A second wave of evictions and police violence is being unleashed upon Occupy protesters across North America, and the resiliency of the movement will be determined in the coming days as protesters must find a way to work around court injunctions and police actions to stay put and politicize, or close up shop.
In Canada, the Occupy protests in Calgary and Quebec City were torn down this past week, and it is not clear whether the protestors will return. While Vancouver’s Occupy site has been demolished due to court order, the protest has simply moved one block away to the grounds of the provincial courthouse. Occupy Torontofound out yesterday that they were no longer welcome to stay on the grounds of St. James Park, and were ordered by the top Toronto court to move by midnight last night. Many protestors remained, and police activity in the area has been negligible so far.
So while the various Occupy protests in Canada appear weakened and potentially finished, the fight continues in America, especially the scattered campuses of the University of California and in New York City. And it is in these places that the make-it or break-it moment of the movement is happening right now. And if they can survive the recent wave of eviction notices and police crackdowns – and at this point it is still a debatable if – the Occupy movement must take the next logical step and find a way to whittle down their most desired aims, and find political expression within the mainstream of America. For this is where the movement will do the greatest good, if they can find a way to make it palatable to corn farmers in Iowa and single mothers in Detroit – to get them all wondering why income disparity in America is the disgrace it is today.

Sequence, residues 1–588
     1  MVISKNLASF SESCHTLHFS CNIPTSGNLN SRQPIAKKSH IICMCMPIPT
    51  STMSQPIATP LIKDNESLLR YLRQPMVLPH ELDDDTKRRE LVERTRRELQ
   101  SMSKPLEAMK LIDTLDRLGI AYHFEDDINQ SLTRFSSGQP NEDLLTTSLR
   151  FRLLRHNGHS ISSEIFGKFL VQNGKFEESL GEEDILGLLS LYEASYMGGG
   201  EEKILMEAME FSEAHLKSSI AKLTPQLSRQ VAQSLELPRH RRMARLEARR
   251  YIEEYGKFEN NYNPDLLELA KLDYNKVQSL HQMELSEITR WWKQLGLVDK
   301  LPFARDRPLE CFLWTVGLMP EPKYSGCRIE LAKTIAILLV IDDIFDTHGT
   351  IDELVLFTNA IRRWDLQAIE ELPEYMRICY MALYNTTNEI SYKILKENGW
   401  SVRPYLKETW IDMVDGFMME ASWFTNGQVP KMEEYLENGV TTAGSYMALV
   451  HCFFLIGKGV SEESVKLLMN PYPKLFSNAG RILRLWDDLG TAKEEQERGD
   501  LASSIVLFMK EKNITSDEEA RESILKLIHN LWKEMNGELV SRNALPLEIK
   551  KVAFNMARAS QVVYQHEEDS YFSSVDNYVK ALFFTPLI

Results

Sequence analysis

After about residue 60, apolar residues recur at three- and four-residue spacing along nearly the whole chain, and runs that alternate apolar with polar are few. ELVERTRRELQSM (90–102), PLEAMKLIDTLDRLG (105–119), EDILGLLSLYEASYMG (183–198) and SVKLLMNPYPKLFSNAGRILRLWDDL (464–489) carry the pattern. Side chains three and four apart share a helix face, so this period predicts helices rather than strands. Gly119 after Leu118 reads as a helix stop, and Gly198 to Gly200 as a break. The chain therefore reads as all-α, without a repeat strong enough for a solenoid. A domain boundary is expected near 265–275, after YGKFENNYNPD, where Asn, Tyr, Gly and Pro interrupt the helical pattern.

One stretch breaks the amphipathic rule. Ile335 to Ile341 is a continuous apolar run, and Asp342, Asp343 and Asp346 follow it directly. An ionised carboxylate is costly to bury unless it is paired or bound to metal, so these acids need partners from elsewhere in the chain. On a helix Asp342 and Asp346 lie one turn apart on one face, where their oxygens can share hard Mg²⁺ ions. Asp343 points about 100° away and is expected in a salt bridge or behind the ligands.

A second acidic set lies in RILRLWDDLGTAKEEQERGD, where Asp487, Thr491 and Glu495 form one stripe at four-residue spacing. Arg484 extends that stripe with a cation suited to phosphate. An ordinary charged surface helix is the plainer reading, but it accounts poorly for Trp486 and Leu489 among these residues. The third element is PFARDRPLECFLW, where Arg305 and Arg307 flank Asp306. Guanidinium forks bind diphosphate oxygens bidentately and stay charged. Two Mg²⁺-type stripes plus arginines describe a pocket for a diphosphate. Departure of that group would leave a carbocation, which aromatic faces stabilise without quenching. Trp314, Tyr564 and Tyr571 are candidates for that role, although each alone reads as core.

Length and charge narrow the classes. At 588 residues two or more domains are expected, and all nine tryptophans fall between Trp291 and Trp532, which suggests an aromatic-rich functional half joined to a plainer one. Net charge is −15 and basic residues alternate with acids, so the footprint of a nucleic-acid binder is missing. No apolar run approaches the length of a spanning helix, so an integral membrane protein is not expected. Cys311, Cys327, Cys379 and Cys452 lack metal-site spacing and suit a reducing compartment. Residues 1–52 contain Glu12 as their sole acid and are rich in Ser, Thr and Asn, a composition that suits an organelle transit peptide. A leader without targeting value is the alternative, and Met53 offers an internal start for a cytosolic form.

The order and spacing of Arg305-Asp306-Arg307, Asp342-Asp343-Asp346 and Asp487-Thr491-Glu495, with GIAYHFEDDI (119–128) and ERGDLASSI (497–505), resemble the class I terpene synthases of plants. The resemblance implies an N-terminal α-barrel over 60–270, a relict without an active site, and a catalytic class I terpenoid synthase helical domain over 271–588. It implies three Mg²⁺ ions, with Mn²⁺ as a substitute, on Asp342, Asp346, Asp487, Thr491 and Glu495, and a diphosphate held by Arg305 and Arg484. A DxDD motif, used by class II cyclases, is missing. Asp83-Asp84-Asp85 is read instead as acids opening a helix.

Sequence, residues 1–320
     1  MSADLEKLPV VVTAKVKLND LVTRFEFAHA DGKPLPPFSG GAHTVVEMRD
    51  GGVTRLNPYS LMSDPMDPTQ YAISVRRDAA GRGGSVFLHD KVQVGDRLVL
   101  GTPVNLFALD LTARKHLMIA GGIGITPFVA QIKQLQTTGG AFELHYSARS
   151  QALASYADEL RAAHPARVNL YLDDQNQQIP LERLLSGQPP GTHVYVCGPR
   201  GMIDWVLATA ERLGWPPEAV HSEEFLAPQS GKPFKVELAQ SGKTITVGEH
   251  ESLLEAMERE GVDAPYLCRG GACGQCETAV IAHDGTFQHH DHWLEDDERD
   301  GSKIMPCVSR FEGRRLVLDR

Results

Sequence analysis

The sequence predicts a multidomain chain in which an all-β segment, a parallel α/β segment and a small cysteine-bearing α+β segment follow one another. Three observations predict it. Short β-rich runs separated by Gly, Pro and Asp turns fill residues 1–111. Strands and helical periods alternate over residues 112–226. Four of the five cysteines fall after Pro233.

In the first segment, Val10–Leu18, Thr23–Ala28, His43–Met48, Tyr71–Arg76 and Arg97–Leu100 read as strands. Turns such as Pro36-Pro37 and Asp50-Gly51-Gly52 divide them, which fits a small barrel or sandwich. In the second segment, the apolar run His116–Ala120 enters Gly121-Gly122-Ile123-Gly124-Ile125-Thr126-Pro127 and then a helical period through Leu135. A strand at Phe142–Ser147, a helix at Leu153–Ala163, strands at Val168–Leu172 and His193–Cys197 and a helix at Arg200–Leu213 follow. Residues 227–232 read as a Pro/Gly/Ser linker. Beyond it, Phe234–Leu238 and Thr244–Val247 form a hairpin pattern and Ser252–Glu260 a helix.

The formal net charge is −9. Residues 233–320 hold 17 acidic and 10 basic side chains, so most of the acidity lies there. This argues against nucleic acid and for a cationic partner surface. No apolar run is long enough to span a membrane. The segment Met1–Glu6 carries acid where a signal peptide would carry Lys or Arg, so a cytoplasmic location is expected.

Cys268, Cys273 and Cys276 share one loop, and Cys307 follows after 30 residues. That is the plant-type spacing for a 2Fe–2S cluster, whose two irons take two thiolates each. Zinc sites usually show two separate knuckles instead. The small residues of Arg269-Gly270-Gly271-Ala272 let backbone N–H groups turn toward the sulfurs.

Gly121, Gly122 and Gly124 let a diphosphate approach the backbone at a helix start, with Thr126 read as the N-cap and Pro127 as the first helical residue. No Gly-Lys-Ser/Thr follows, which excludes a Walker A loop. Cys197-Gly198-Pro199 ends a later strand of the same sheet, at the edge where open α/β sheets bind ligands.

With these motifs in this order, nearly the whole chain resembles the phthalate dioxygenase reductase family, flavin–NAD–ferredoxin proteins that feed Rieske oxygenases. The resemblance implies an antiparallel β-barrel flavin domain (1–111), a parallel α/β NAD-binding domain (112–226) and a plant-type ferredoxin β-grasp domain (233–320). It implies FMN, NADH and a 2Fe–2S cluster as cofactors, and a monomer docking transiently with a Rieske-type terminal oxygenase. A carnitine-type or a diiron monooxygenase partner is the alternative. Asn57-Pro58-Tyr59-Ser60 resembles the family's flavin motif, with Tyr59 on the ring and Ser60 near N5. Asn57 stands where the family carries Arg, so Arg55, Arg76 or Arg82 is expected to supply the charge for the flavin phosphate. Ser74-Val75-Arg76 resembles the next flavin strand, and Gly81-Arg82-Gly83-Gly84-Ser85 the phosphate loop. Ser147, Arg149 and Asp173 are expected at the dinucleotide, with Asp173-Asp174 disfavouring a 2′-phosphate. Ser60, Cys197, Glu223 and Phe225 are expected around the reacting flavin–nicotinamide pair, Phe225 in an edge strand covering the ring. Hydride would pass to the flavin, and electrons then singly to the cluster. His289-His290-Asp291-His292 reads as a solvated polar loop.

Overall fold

But first they need to survive. And this has been challenging enough recently with the development of more aggressive police tactics. From tearing down the tents in Zuccotti Park with hacksaws and box cutters; crowd dispersal in Denver with rubber bullets; the pepper spraying of an 84 year old woman in Seattle; the fiery rampage through Oakland which saw Iraq war veteran Scott Olsen’s skull cracked open by a tear gas canister – the leash appears to have been taken off police forces across America in terms of how they deal with the Occupy protesters.
Rachel Maddow, host of The Rachel Maddow Showon MSNBC, aired a segment of her television show last night in which she commented on the way in which non-lethal weapons are being used by police officers not to contain crowds or to stop force being used against them, but simply as a “compliance tool” – i.e., to bend the will of the crowd to the will of the police.